Jiegu, China (AFP) April 20, 2010
Relief supplies poured into a remote Tibetan region in northwest China Monday as two women and a girl were rescued from the rubble more than five days after a quake that killed more than 2,000.
Chinese authorities ramped up the disaster response, clogging roads leading into Qinghai province's Yushu prefecture with truckloads of food, tents and quilts, but warned that icy weather could bring more misery in the days ahead.
In rare good news, rescuers Monday pulled Wujin Cuomao, 68, and Cairen Baji, 4, out of a collapsed building in the town of Jiegu after relatives kept them alive by passing food and water into the debris.
State television broadcast images of a healthy looking but anxious Wujin Cuomao being lifted onto a stretcher, while another rescue worker clad in orange was shown cradling the girl in his arms in an emergency vehicle.
Both appeared to be ethnic Tibetans, who make up more than 90 percent of the Chinese region's people.
Another Tibetan woman in her thirties was also rescued after 130 hours under the ruins of a collapsed building, state television said.
Hundreds of kilometres away, AFP journalists saw convoys of military trucks, civilian aid vehicles and ambulances heading to the disaster area on the Tibetan plateau, known as the "Roof of the World".
The convoys will be a welcome sight after the authorities warned at the weekend that clothing, food and water remained in short supply, as President Hu Jintao visited the zone.
The quake region is a rugged zone at an elevation of around 4,000 metres (13,000 feet), factors that government officials have blamed for hindering response efforts.
State news agency Xinhua said early Tuesday the death toll had risen by nearly 100 to 2,039 with 195 still missing after the quake, which struck Wednesday with a magnitude of 6.9.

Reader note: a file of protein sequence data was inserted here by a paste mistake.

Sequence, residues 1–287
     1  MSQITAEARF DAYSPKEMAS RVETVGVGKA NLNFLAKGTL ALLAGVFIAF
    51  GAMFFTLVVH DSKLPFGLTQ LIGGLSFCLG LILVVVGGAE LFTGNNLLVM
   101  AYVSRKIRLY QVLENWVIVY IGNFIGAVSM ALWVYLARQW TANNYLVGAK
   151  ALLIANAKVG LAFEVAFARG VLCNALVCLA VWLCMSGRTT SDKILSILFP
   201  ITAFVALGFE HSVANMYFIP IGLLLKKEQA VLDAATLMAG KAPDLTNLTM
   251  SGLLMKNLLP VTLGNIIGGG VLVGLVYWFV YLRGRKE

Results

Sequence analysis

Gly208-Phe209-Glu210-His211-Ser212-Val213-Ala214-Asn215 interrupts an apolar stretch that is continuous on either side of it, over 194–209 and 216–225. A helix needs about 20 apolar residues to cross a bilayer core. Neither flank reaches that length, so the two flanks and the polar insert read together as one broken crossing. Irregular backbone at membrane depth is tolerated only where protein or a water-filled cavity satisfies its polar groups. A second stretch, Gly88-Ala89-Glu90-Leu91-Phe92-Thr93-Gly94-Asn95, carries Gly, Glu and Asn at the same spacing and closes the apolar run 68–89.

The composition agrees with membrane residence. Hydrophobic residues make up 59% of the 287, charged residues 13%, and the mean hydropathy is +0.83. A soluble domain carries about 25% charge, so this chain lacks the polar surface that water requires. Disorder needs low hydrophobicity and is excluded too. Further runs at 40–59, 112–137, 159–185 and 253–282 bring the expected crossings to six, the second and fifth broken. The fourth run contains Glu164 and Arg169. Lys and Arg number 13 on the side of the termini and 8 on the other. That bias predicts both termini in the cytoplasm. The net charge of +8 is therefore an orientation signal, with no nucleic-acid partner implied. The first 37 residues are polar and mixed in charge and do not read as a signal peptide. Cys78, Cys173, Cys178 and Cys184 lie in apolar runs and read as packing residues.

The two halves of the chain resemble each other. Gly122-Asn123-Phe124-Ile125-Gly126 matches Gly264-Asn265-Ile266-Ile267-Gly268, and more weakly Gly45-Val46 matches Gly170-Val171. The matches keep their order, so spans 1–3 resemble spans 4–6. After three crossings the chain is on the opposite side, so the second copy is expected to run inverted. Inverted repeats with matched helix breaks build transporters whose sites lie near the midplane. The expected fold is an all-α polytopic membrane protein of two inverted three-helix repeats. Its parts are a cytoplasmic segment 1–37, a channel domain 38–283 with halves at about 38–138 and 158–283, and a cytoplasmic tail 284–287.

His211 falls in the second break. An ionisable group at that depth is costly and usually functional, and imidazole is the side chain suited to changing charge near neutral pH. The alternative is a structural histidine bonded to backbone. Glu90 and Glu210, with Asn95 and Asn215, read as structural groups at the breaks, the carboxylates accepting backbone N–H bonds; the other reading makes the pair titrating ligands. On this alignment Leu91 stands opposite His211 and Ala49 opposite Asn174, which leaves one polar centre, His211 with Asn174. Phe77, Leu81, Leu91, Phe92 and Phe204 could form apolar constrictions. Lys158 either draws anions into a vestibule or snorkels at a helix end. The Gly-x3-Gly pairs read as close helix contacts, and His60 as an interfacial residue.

It also injured 12,135 people and left tens of thousands homeless.
Of the injured, more than 1,400 were said to be in serious condition.
In Jiegu, Tibetan monks in maroon robes continued to take a lead role in the emergency response, helping to clear the debris of flattened structures and distribute food.
At the Jiegu monastery perched on foothills overlooking the town, around 50 monks loaded bottles of water and instant noodles into a truck bound for quake-hit villages.
Poor weather was forecast for the next three days. Intermittent rain and snow have added to the suffering of victims sleeping outside in frigid weather after thousands of homes collapsed.
"Snow, icy roads and sudden high winds on some roads threaten transportation and relief work," the National Meteorological Centre said.
Rescuers and survivors also face frequent aftershocks -- more than 1,200 aftershocks have shaken the region since the main quake struck.
To head off the risk of deadly disease outbreaks, the bodies of hundreds of quake victims were cremated outside Jiegu on Saturday on a massive funeral pyre piled high with naked corpses and set ablaze by chanting Buddhist monks.
President Hu toured the quake zone a day later, comforting residents and calling on rescuers to keep searching for survivors.
Experts say the chances of finding trapped victims alive following such disasters drop off sharply after the first 72 hours.
"I assure you that the (communist) party and the government will definitely help quake victims rebuild homes and resume classes for children as soon as possible," Hu told a local Tibetan in images broadcast on state television.
The Dalai Lama -- Tibet's exiled spiritual leader who was born in Qinghai and later fled the Himalayan region after a failed anti-Chinese uprising in 1959 -- has appealed to the government to let him visit the victims.
Tibetans in Jiegu expressed hope the Dalai Lama would be allowed into the region but it looked unlikely the request would be granted by China, which has branded the Nobel Peace Prize winner a separatist.
Jia Qinglin, fourth in China's communist party hierarchy, warned of "outside hostile forces that are trying to disrupt and damage quake relief work", without saying what these were but in apparent reference to the Dalai Lama.
"Under these circumstances, we must uphold quake relief work on the one hand and unity and stability on the other hand," he was quoted as saying Monday by Xinhua.
Yushu was hit by violent anti-Chinese riots that began in March 2008 in the Tibetan capital Lhasa and later swept across the Tibetan plateau.
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